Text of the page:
The Presidential Elections of 1876 and 2000

Political Science / April 23, 2015 / No Comments /
A discussion on the similarities between the 1876 and 2000 American presidential elections.

This paper presents the similarities between aspects of the presidential election in 1876 between Republican Rutherford B. Hayes, and Democrat Samuel Tilden, and in 2000, between Republican George Bush and Democrat Al Gore. The paper points out that these historical comparisons indicate that history does not repeat itself, but that similar historical events will produce similar historical results.
“In the Presidential election of 1876, Rutherford B. Hayes, a Republican ran against Samuel Tilden, a Democrat. In the election, the Republican Party was the incumbent political party, while the challenging political party was the Democratic Party. The following are some of the similarities between the 1876 and 2000 elections.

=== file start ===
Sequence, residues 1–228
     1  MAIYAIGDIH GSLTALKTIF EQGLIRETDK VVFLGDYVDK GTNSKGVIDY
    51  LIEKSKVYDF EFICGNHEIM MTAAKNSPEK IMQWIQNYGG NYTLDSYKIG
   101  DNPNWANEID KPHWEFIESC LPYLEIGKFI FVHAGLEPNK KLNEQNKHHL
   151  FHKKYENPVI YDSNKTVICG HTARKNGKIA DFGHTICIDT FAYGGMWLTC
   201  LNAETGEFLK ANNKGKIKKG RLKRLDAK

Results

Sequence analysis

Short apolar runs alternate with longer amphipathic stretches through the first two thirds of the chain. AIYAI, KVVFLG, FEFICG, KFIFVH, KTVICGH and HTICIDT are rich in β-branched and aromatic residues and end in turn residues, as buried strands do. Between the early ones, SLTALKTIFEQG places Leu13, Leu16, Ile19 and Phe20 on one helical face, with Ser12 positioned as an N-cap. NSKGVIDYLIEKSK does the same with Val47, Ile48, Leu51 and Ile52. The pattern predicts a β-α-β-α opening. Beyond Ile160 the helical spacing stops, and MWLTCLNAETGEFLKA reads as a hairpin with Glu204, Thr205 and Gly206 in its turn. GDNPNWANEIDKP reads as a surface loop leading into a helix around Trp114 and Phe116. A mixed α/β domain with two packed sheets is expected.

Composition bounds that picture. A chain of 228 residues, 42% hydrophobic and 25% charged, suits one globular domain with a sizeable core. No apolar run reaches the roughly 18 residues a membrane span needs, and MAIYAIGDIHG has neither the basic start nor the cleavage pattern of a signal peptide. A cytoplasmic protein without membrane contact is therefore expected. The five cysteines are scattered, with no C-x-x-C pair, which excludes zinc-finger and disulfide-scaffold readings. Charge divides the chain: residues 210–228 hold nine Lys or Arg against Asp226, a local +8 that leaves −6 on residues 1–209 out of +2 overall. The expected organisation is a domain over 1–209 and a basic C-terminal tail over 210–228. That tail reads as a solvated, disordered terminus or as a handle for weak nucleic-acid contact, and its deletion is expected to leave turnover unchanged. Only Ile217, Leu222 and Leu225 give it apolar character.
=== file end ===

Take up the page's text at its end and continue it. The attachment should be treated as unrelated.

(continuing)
“At the time of both elections, the policies of the incumbent political party led to a booming national economy. In both elections, the political party challenging the incumbent party held the majority of seats in the U.S. House of Representatives. In both elections, the vote count in at least four states were contested/disputed. In both elections, both candidates vying for the presidency were from the same geographical part of the county. In 1876, both Hayes (from Ohio) and Tilden (from New York) were northerners, while in the 2000 election, both Bush (Texas) and Gore (Tennessee) were southerners (New York Times, 2001; Hoogenboom, 1995).”


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